• GMC Sierra: Putting Truck Aerodynamics Myths to the Test

12th June 2013

GMC Sierra: Putting Truck Aerodynamics Myths to the Test

posted in General Motors, GM, GMC |

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General Motors is pulling out all the stops on the all-new 2014 Sierra – and in the process morphing a vehicle segment known for unrefined brawn and gas guzzling into the most fuel-efficient V-8 pickup on the market — thanks in part to aerodynamic advancement.

To make aerodynamic changes to the vehicle, engineers examined every millimeter of the Sierra while in the wind tunnel. The 2014 Sierra has spent more time in General Motors’ state of the art Aerodynamics Lab than any other Sierra before it. The 750-foot-long tunnel through which a 43-foot-diameter fan powered by a DC electric motor blows has the equivalent of 4,500 horsepower and can generate winds up to 138 mph.

Time in the tunnel and attention to detail led to design changes that benefit both fuel efficiency and interior quietness. The engineers also debunked some popular myths along the way.

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“We can’t stop air; we can only guide it through the path of least resistance. It’s like electricity, without the shock,” said Diane Bloch, GM aerodynamic performance engineer. “The biggest misconception is that it’s all about single components. But a certain side mirror design doesn’t create a certain amount of drag, its interaction with the rest of the vehicle does.”

Illustrating the design team’s attention to detail on all components of the vehicle, even the top of the Sierra’s tailgate and the center high-mounted stop light are optimized to guide air cleanly around the truck. A new seal was also added between the cab and bed to restrict airflow, after the team found it was one the biggest aerodynamic issues.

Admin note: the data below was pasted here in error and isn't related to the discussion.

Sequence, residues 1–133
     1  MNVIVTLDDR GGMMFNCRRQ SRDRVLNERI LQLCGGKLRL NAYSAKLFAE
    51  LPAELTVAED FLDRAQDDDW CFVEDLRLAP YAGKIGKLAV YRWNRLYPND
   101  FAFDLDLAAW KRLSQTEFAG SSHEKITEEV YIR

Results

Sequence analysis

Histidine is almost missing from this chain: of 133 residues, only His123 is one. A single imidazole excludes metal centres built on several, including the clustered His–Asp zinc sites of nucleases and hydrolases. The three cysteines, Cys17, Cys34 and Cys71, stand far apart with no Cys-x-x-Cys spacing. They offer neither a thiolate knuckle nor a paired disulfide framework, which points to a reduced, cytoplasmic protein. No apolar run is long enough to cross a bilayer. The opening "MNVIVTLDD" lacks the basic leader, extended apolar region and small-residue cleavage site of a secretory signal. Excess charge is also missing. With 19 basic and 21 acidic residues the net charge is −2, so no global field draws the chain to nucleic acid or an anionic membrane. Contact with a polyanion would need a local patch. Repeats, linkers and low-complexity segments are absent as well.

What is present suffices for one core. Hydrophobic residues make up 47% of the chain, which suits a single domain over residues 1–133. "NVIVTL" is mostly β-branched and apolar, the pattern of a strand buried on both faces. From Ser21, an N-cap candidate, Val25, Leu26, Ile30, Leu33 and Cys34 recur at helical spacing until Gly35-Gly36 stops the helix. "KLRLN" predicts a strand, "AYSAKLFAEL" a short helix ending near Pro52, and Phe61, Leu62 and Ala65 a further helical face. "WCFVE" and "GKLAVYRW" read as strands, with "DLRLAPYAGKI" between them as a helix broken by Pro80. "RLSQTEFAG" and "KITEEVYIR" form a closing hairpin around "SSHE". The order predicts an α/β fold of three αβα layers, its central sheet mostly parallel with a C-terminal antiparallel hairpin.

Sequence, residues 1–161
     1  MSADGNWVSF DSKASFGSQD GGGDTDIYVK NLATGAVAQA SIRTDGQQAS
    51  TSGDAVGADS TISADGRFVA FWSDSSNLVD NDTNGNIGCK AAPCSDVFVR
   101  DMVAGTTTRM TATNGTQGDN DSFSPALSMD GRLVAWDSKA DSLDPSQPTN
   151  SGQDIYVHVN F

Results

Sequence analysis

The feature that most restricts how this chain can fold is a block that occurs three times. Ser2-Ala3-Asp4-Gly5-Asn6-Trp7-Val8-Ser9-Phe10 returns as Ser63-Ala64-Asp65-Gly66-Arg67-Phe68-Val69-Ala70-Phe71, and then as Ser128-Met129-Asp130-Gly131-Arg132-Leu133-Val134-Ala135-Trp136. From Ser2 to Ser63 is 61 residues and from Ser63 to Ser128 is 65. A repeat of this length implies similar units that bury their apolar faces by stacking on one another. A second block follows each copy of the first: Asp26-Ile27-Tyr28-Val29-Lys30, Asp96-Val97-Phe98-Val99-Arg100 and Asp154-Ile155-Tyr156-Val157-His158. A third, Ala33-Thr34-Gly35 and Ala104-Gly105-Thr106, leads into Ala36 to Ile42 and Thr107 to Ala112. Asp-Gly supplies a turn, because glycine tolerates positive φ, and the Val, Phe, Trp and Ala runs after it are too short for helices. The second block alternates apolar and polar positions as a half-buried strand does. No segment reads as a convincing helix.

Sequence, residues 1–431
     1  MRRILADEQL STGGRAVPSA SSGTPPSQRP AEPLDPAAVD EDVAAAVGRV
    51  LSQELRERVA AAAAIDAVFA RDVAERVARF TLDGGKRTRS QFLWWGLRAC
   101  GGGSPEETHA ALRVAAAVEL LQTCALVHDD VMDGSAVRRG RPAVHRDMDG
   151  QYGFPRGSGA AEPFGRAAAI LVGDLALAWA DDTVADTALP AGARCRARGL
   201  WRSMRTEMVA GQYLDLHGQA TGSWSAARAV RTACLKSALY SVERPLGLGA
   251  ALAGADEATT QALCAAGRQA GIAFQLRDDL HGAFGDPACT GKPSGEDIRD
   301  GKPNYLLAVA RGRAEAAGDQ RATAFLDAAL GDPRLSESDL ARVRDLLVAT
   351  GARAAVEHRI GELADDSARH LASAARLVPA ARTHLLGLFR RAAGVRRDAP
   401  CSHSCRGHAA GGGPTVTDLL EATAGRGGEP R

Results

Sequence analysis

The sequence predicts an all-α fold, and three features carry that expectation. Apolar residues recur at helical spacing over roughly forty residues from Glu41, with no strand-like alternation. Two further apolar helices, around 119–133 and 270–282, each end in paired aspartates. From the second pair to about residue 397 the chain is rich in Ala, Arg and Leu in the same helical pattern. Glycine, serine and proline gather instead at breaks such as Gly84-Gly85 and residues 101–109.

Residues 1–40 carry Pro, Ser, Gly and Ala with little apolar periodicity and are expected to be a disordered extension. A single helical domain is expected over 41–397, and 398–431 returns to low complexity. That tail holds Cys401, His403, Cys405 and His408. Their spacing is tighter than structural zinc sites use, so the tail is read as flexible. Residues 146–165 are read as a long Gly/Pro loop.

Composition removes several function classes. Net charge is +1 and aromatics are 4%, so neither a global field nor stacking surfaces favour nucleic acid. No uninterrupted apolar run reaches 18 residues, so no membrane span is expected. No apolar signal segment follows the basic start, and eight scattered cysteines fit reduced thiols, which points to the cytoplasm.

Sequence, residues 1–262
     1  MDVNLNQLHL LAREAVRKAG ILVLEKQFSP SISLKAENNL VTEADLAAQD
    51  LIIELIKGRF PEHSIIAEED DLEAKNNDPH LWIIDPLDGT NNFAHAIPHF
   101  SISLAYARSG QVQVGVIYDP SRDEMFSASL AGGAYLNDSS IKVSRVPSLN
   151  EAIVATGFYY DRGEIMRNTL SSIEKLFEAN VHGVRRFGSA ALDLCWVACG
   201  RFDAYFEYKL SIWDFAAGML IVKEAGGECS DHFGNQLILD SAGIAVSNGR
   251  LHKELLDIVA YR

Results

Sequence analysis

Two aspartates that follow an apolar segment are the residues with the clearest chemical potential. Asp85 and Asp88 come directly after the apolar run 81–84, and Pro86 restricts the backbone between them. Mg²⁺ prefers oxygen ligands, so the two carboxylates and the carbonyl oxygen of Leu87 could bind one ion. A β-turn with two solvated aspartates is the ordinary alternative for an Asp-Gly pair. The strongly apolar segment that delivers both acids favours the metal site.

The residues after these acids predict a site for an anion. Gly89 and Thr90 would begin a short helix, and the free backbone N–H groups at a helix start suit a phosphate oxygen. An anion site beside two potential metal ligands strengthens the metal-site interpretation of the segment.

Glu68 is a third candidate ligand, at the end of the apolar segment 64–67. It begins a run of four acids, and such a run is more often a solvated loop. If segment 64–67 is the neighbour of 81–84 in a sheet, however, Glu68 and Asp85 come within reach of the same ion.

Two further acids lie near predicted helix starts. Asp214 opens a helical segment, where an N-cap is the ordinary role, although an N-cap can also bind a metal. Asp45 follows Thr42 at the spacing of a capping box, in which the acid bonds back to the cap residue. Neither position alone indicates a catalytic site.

2014-GMC-Sierra-Wind-Tunnel-Tailgate-mediumA common question with trucks revolves around whether a tailgate raised or lowered is better for aerodynamics. According to Bloch, a tailgate in the up position is more aerodynamically efficient. As air flows over the truck, it falls over the cab and pushes forward on the rear of the truck. With the tailgate down, the benefits of that airflow are diminished.

“Replacing the tailgate with an aftermarket net is worse than having no tailgate at all,” Bloch said. “Imagine dragging a solid object or a fishing net through water. The net is going to require more muscle.”

In addition to aftermarket nets, the pickup market has a great number of available aftermarket accessories that have varying impact on aerodynamics. The bad: add-ons like bug deflectors on the hood, wider tires or aftermarket bumpers can cause added noise and increased fuel consumption. The good: tonneau covers for the bed help smooth airflow over the truck and running boards can also help air flow smoothly down the truck’s sides.

This entry was posted on Wednesday, June 12th, 2013 at 11:53 am and is filed under General Motors, GM, GMC. You can follow any responses to this entry through the RSS 2.0 feed. Both comments and pings are currently closed.

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